John Stivoric

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Digital Technology is constantly improving as information becomes wireless. These advances demand more wearable and mobile form factors for products that access information. A product that is wearable should have wearability. This paper explores the concept of dynamic wearability through design research. Wearability is defined as the interaction between the(More)
The Wearable Computer Project is a testbed integrating research on rapid design and prototyping. Based on representative examples from six generations of wearable computers, the paper focuses on the differences in rapid prototyping using custom des ign versus off-the-shelf components. The attributes characterizing these two design styles are defined and(More)
Digital Ink is a design research concept. Part design, part critique, it is the integration of current and future technologies into a mobile and socially familiar object. Digital ink is a sophisticated pen that allows people to take notes, sketch, and save the “physical” data they generate, digitally and automatically. It strives to turn mobile computing(More)
The design process used to produce an innovative computer system is presented. The computer system that resulted from the process uses a circular motif both for the user interface and the input device. The input device is a dial and the user interface is visually organized around the concept of a circle. The design process itself proceeded in the presence(More)
The paper describes the evolution of an Interdisciplinary Concurrent Design Methodology (ICDM) and the metrics used to compare four generations of wearable computer artifacts produced by the methodology at each stage of ICDM's growth. The product cycle is defined, its phases, and the design information representation for each phase. Six generic axes of(More)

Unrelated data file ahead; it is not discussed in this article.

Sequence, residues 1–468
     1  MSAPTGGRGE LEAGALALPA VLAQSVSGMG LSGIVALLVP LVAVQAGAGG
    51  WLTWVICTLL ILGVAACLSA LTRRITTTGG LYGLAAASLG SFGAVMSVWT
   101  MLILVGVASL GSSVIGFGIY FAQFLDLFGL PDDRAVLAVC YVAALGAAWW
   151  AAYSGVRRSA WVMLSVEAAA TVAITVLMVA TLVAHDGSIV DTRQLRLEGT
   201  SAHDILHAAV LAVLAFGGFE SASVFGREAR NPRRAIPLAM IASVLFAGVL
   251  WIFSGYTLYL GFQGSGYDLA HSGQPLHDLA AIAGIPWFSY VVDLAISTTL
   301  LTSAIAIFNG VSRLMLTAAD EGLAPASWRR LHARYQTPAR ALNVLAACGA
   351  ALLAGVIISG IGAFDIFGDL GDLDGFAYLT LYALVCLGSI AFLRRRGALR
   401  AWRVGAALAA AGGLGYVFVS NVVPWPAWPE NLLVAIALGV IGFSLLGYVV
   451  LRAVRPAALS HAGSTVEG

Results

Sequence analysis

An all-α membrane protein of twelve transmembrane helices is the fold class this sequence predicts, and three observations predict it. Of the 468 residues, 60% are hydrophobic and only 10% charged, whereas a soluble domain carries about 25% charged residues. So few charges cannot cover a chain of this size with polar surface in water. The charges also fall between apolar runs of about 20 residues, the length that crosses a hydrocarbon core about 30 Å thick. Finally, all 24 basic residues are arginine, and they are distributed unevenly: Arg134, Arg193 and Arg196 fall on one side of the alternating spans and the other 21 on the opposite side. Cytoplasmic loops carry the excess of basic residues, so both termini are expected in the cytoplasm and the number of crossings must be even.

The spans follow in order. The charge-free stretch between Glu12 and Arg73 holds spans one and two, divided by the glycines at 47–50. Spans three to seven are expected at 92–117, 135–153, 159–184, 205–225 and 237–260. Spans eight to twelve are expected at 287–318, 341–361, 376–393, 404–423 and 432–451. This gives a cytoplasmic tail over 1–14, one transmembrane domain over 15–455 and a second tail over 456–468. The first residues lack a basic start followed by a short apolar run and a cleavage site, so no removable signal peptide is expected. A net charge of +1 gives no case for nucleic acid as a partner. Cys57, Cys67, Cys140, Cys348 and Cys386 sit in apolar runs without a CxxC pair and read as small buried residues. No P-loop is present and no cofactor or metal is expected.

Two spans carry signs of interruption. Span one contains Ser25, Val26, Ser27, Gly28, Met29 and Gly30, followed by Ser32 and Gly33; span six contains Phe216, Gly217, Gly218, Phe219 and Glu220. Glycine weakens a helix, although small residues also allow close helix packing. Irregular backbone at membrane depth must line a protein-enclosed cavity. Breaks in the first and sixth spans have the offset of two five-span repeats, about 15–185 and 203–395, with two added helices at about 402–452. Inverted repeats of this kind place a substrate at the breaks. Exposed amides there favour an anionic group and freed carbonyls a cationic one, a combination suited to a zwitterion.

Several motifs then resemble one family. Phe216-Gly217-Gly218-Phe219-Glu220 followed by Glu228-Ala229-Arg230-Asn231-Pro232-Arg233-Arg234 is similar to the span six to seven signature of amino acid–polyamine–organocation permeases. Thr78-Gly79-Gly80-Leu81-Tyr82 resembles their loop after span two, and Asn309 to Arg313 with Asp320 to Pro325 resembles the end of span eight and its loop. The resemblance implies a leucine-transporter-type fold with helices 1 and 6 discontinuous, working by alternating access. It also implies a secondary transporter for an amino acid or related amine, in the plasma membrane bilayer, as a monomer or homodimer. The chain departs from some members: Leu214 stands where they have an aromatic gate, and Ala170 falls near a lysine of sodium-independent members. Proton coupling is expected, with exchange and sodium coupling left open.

dvances in computational science and engineering have changed profoundly both the artifacts we can realize and the processes by which we realize them. This article looks at the impact of these new technologies on the design of wearable computers covering three main areas: new design tools and approaches, new manufacturing technologies, and new uses of(More)
The Wearable Computer Project is a testbed integratingresearch on rapid design and prototyping. Based onrepresentative examples from six generations of wearablecomputers, the paper focuses on the differences in rapidprototyping using custom design versus off-the-shelfcomponents. The attributes characterizing these two designstyles are defined and(More)
A wearable computer system designed for on site, hands free maintenance operations will be demonstrated. This system is the latest completed model in a family of wearable computers developed by Carnegie Mellon University. It is approximately one and a half pounds in weight (including batteries), uses a 386 processor and a Private Eye display device. Also(More)
At Carnegie Mellon, we have designed and manufactured three generations of wearable, mobile computers. Each new generation of wearable computer has been designed within approximately one semester by an interdisciplinary design class taught at the Engineering Design Research Center (EDRC). Over the semesters that the course has been taught, an(More)
This paper describes the concurrent design of a wearable computer, called the Navigator. The design effort for the Navigator involved nineteen designers, representing a variety of engineering disciplines. The evolution of the design is described, with particular emphasis placed upon the role of the thermal design group in the overall design process.(More)
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